Soon she was back at Payangadi, this time determined to put up a gritty battle of survival. But destiny had a different recipe ready for her. The male drivers ruffled their feathers in collusion with the police and trained their guns to her. The persistent perking, bluster and bravado breached all limits. She did not have the sufficient skill set to withstand the onslaught, in a fit of fury, banged her badge on to the face of the police and stomped out to complaint to the RTO. She met Mr.V.S.Achuthanandan, the then Chief minister with the fledgling child in her lap. She kept on tenaciously for another year in the stand, fighting the rogue elements, suffering in disgust.

Jaseera went to live with her husband at Kottayam after the 2nd marriage. A year hence she returned to her native village for the delivery of the last child. She was shattered to find the metamorphosis of the shore in front of her hut- that triggered her spite against the sand barons.

“I was heartbroken to sea the beach in memory gone forever and the destruction is irreversible” She said.

Rural Development Minister Jairam Ramesh wrote a personnel letter to the CM of Kerala OoMen Chandy to draw his specific attention of her plight finding “Her demand has merit as she is opposing illegal mining.”

And the rib that the Lord God had taken from the man he made in to a woman and brought her to man (Genesis 2.22).As Sulphath Teacher , an activist and a feminist writer observes:” When it comes to women emancipation, birds of a feather flock together. If God created men on his image, the God must be a male. The women are created with the rib (the most curved one) of the man for his sexual consummation. How could she have the autonomy?” This is the domineering factor in the construct of public conscience in a male centered society.

Is the woman-in-hijab a renegade? A mole that plays in the hands of some terrorists?.

Revolt is no hayride. Jaseera was hauled over the coals for allegedly playing the tollgate for extracting money. It is touted as the reason why she does not withdraw her agitation. The activist and writer A.S.SureshKumar writes in a regional weekly:” To some Jaseera is a pseudo-ecologist after money. She has never asked for money. The passers by give her some money which she accepts for the survival of the family. She does not check whether there are terrorists in them.”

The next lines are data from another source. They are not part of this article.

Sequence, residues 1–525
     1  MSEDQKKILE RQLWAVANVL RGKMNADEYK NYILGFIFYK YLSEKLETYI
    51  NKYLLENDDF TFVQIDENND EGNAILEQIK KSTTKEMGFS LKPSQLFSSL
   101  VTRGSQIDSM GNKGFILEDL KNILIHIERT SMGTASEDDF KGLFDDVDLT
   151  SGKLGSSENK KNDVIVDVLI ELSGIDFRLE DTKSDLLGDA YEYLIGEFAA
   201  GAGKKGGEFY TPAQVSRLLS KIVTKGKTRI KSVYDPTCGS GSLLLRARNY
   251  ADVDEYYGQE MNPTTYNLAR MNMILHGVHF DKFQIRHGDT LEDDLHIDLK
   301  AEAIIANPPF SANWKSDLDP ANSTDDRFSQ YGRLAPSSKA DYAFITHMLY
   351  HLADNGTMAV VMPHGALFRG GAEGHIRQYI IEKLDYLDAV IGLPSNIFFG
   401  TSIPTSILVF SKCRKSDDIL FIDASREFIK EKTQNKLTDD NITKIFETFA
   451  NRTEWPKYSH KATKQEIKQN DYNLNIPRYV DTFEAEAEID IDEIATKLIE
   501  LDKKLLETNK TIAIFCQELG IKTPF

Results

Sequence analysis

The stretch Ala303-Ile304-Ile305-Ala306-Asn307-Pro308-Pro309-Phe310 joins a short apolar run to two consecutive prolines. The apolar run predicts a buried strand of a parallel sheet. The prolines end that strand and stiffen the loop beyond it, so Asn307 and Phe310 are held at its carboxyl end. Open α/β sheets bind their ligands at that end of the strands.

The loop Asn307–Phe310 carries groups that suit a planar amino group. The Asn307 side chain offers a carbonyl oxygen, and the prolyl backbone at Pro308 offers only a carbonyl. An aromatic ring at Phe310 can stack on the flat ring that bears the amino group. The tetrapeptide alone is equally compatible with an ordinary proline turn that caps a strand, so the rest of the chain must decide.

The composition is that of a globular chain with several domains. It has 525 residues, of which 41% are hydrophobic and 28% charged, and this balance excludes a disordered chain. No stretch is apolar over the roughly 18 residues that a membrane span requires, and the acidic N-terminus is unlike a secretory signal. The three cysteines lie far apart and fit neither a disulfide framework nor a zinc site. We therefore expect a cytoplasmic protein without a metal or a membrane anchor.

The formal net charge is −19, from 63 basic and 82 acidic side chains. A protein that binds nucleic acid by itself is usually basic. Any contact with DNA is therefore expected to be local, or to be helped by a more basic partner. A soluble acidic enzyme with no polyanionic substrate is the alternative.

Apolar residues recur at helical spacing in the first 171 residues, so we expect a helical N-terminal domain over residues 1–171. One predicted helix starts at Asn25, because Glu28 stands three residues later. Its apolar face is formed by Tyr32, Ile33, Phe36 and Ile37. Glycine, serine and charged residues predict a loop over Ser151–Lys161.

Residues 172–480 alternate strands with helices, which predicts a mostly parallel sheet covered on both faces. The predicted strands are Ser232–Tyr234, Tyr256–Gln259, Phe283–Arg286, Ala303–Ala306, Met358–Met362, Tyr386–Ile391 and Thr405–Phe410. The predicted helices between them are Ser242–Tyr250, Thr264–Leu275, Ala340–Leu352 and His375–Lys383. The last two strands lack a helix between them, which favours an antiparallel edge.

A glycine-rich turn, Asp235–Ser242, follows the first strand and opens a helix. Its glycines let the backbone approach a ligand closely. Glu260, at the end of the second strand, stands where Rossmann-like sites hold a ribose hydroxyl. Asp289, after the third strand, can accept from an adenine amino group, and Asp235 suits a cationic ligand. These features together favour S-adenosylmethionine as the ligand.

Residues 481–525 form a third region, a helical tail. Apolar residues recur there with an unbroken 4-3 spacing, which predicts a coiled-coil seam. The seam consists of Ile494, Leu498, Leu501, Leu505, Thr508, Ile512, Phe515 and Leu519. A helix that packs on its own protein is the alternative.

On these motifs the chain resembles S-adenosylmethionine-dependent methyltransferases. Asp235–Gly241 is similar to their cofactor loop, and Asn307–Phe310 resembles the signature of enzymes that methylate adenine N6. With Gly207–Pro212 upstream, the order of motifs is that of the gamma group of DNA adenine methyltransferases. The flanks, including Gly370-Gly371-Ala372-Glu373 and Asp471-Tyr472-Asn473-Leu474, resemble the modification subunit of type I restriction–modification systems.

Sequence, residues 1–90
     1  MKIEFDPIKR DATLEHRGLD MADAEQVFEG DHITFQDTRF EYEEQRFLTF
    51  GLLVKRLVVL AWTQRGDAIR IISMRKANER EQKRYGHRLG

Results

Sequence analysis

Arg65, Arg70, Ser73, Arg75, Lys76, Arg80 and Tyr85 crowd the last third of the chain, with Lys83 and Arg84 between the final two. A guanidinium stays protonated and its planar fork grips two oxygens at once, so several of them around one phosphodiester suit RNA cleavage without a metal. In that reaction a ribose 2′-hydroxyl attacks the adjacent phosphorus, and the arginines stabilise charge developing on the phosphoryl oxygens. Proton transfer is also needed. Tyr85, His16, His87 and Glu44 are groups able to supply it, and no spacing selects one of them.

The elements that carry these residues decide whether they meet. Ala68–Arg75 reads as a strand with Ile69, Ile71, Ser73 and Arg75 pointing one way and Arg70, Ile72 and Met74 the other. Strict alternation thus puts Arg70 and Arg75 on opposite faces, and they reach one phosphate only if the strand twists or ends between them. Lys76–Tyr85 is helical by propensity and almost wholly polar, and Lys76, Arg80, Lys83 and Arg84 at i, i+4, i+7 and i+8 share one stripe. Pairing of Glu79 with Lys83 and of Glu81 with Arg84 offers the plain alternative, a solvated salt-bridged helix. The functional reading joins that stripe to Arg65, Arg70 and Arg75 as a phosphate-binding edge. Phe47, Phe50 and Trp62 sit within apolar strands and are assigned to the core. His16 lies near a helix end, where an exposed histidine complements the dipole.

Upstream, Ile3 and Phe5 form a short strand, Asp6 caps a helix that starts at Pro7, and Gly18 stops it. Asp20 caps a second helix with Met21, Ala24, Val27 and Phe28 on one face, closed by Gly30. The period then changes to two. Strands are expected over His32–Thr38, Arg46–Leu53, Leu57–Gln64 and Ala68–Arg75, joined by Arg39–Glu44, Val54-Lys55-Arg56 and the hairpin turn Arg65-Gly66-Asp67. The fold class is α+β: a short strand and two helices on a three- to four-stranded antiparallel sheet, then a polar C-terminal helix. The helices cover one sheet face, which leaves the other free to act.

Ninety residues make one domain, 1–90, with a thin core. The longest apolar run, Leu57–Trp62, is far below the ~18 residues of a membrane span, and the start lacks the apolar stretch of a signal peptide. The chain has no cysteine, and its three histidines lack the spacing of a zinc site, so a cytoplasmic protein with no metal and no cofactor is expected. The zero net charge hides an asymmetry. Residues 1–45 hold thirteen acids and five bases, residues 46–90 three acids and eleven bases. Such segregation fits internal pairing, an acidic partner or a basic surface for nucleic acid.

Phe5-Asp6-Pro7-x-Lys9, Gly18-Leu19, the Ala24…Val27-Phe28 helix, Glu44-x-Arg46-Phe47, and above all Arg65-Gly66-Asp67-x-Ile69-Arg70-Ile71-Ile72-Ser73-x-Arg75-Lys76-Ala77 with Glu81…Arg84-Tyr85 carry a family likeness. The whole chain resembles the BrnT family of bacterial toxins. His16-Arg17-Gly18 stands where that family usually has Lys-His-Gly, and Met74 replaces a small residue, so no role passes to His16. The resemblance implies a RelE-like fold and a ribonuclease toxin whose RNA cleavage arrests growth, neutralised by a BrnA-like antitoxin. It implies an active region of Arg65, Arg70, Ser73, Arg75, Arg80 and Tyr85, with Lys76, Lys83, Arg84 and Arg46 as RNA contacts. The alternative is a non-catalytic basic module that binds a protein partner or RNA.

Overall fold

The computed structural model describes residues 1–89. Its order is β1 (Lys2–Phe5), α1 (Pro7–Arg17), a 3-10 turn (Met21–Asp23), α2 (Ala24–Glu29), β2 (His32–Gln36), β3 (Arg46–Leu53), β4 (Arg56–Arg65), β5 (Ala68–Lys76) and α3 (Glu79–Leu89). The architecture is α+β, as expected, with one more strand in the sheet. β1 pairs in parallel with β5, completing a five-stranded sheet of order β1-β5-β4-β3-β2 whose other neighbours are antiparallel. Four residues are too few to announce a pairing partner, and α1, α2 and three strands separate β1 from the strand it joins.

If extortion is the why and wherefore, she had no reason to cop all the hassles and could have lined up her own pocket from the sand sharks themselves who could be only too willing to part the money.

She had no supporters ab initio among the locals and even her brothers shunned her. Jaseera had tough time deterring her brothers playing for the sand lobby. Later locals cottoned up to her and turned to be her vocal sympathizers. People from different walks of life including the versatile south Indian matinee idol Suresh Gopi lined up in aid of her cause. The points she raised can be downplayed by none.

The woman was branded mentally sick. Quiet often people are branded insane when they stray from the established track. It becomes all the more queasy when women think ahead of time-examples galore in human history.

Sri.Abdullakkutty, a relatively new convert to Congress and the MLA from her constituency kept himself a notch above all her detractors, struck his oar in with his pearl of wisdom- “Don’t shovel sand in to the shore”-a wry humor that wrapped in a veiled threat. The Isabelle Allende phrase deftly dovetailed to the context was an intended sly that her effort is ludicrous, pointless, aimless, and trivial- hence a wild goose chaise. When the lawmakers themselves doubt the efficacy or its necessity, the laws they make become a mockery. Dr Vazhappilli a voracious reader and quick witted to respond in reader’s columns says the suave phrase reminds him of the idiom 'don’t carry coal to the NewCastles'. He reminds the MP of the Basheerian proposition that this planet is not proprietary to the human alone but is an abode for all microorganisms to mammoths-equally shared.

The capital is in the frenzy of elections, the state government having other occupations than to sit back and crack the code of otherwise a simple issue-enforcing a law made by them. The battle of nerves for the seashore continues, the ship of victory not hove into sight.